Urban economics is broadly the economic study of urban areas.
Urban economics is broadly the economic study of urban areas. As such, it involves using the tools of economics to analyze urban issues such as crime, education, public transit, housing, and local government finance. More narrowly, it is a branch of microeconomics that studies urban spatial structure and the location of households and firms.(Quigley 2008)
Much urban economic analysis relies on a particular model of urban spatial structure, the monocentric city model pioneered in the 1960s by William Alonso, Richard Muth, and Edwin Mills. While most other forms of neoclassical economics do not account for spatial relationships between individuals and organizations, urban economics focuses on these spatial relationships to understand the economic motivations underlying the formation, functioning, and development of cities.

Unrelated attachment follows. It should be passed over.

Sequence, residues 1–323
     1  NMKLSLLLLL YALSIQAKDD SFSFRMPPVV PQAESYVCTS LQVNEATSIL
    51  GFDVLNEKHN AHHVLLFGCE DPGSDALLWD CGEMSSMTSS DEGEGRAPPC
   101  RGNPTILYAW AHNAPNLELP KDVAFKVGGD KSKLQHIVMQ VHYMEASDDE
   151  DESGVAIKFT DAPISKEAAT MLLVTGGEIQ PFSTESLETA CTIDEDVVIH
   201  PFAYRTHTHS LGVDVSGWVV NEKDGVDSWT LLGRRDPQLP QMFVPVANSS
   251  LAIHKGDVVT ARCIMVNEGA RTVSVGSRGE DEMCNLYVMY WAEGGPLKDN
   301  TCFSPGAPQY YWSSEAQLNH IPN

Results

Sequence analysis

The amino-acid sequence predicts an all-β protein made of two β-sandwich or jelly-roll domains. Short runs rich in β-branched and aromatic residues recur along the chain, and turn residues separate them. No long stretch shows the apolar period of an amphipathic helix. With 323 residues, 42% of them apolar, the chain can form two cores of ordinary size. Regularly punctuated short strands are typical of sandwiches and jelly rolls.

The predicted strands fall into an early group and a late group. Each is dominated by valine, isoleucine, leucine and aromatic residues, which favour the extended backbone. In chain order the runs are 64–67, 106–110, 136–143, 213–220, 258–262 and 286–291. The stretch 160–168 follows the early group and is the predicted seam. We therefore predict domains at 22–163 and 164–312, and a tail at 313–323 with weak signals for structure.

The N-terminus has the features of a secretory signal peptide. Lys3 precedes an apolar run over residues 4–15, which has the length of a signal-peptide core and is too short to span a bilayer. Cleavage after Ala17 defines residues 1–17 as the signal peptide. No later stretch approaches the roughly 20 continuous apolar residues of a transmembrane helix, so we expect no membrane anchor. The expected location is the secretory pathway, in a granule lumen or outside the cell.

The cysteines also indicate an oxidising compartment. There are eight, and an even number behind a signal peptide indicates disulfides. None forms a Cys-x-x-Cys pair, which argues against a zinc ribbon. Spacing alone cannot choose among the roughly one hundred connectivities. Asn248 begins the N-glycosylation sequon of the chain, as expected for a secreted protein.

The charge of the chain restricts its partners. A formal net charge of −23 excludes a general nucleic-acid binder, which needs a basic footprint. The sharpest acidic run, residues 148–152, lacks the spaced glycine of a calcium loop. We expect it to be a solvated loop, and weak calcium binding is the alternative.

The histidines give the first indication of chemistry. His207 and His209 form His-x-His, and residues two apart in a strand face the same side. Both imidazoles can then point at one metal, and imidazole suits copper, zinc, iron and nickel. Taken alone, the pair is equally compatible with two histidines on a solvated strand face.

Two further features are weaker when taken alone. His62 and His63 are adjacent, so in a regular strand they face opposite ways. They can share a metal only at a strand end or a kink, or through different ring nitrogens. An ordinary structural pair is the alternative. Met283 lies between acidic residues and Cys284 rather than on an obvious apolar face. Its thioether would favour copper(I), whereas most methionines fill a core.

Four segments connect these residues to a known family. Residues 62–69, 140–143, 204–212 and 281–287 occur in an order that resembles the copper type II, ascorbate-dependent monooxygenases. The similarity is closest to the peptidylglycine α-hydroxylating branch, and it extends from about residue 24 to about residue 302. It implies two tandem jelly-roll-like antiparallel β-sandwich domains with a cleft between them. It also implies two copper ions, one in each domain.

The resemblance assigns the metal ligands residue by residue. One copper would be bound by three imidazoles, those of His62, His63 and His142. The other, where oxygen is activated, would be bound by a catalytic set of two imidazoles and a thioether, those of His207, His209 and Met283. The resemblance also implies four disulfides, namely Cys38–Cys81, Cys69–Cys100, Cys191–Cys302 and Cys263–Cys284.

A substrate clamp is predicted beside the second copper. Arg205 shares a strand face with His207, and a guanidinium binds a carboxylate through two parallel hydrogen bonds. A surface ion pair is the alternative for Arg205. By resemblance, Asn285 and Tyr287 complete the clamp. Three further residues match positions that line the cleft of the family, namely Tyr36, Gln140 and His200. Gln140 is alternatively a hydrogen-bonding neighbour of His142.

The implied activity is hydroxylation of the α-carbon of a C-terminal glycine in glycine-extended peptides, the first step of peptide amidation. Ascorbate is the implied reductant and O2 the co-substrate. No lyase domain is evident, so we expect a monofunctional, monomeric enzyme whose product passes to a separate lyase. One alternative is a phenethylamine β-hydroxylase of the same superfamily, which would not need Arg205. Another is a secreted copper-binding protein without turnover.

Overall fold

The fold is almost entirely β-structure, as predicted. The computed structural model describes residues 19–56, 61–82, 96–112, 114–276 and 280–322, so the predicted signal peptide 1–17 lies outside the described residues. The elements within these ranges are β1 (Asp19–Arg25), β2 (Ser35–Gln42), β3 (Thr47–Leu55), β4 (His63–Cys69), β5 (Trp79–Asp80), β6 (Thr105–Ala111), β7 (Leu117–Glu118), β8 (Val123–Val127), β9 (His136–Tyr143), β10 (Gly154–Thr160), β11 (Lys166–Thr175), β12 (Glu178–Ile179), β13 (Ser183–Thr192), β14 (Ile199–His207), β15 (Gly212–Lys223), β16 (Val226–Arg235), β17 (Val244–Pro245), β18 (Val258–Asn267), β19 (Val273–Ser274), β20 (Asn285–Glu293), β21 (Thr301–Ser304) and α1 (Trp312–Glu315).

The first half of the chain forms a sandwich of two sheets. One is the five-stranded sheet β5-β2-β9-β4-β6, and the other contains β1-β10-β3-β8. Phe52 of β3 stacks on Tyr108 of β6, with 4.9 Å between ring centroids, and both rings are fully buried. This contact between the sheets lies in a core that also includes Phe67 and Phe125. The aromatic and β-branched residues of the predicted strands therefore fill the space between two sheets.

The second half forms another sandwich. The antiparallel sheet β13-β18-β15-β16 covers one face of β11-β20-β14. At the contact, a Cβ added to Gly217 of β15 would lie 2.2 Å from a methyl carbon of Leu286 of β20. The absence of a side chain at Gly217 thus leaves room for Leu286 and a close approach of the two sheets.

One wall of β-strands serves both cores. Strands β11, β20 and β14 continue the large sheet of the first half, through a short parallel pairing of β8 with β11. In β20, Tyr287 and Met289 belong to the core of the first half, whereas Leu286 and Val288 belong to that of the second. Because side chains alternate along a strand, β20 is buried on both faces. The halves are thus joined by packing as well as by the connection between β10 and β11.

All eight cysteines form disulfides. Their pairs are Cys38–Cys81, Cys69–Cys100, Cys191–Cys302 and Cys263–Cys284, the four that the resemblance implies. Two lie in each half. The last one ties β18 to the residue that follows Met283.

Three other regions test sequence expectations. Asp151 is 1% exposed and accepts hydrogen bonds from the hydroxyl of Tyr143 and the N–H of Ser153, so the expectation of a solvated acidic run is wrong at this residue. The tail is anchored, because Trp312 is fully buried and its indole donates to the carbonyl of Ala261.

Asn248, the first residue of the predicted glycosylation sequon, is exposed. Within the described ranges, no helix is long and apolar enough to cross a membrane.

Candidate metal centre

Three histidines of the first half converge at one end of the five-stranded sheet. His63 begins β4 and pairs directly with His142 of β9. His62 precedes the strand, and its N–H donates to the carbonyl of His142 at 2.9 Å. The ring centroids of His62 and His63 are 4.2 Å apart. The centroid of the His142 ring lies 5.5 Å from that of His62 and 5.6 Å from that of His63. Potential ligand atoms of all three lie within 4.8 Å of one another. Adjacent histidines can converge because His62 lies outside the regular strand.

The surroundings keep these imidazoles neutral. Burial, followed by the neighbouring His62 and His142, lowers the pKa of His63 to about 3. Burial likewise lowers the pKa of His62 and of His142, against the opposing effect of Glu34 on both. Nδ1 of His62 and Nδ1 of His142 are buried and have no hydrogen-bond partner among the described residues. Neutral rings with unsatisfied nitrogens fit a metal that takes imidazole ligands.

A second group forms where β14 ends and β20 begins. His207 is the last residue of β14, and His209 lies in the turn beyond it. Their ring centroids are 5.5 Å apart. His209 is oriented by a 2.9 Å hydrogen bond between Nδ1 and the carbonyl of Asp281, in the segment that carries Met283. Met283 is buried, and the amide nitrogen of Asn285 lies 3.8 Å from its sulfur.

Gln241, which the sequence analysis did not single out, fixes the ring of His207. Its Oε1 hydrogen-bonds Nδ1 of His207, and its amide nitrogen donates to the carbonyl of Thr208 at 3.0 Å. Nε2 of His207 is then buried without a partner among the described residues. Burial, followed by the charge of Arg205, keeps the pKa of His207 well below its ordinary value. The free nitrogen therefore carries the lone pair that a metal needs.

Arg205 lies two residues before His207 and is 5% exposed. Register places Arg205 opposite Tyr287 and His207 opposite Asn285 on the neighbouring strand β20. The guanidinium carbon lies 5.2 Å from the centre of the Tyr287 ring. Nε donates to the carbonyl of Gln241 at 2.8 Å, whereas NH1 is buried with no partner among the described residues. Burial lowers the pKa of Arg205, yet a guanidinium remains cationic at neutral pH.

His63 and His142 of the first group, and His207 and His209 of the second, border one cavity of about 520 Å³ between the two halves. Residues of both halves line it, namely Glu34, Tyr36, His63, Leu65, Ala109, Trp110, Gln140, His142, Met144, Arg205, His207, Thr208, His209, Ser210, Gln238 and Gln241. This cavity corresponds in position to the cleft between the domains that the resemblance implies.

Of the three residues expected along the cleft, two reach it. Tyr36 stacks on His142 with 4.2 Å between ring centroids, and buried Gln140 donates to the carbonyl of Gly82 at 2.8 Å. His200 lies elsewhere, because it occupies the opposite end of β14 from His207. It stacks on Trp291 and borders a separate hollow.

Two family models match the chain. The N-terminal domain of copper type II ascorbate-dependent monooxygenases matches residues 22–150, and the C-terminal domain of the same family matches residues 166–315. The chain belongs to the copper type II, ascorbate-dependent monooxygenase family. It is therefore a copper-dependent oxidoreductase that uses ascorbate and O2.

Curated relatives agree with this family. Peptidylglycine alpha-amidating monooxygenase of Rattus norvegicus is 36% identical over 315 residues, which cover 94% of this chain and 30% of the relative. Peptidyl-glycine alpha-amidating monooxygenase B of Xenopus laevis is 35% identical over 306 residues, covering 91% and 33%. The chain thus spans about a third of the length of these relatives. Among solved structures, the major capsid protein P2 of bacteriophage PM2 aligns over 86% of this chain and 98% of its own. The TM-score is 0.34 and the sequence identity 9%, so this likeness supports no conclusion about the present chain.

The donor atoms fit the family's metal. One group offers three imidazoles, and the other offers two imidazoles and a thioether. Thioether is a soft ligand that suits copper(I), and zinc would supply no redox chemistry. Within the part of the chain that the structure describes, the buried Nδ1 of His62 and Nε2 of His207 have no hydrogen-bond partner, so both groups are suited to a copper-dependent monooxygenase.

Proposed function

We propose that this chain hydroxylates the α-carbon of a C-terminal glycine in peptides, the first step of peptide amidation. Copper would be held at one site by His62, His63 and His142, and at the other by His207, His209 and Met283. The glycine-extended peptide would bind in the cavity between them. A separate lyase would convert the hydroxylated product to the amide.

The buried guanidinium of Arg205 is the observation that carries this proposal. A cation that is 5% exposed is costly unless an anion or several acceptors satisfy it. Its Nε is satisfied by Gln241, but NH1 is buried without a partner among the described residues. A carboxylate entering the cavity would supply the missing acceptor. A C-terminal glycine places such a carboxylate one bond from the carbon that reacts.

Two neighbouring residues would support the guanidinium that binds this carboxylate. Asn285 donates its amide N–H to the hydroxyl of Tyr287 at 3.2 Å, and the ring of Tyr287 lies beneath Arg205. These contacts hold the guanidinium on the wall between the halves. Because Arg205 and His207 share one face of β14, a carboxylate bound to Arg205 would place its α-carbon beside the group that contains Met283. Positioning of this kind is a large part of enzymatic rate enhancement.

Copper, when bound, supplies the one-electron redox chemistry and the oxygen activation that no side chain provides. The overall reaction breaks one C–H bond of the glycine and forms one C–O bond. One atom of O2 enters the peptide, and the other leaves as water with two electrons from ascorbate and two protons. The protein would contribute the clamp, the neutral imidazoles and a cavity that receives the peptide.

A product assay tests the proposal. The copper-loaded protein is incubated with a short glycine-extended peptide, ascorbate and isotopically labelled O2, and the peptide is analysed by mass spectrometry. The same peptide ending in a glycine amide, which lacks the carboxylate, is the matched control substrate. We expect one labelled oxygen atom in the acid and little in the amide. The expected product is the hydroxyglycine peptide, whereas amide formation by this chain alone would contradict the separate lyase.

Since its formulation in 1964, William Alonso's monocentric city model of a disc-shaped Central Business District (CBD) and surrounding residential region has served as a starting point for urban economic analysis. Monocentricity has become weaker over time due to changes in technology, particularly due to faster and cheaper transportation (which makes it possible for commuters to live farther from their jobs in the CBD) and communications (which allow back-office operations to move out of the CBD).
Additionally, recent research has sought to explain the polycentricity described in Joel Garreau's Edge City. Several explanations for polycentric expansion have been proposed and summarized in models that account for factors such as utility gains from lower average land rents and increasing (or constant returns) due to economies of agglomeration.(Strange 2008)